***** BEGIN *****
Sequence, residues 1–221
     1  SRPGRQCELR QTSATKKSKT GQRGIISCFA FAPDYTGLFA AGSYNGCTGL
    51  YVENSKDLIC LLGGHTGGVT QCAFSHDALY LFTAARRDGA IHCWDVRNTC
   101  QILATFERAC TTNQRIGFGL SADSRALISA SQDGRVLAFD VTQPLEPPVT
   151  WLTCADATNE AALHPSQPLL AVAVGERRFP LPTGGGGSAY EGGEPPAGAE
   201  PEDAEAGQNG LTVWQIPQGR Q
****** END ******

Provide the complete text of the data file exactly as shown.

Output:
Sequence, residues 1–221
     1  SRPGRQCELR QTSATKKSKT GQRGIISCFA FAPDYTGLFA AGSYNGCTGL
    51  YVENSKDLIC LLGGHTGGVT QCAFSHDALY LFTAARRDGA IHCWDVRNTC
   101  QILATFERAC TTNQRIGFGL SADSRALISA SQDGRVLAFD VTQPLEPPVT
   151  WLTCADATNE AALHPSQPLL AVAVGERRFP LPTGGGGSAY EGGEPPAGAE
   201  PEDAEAGQNG LTVWQIPQGR Q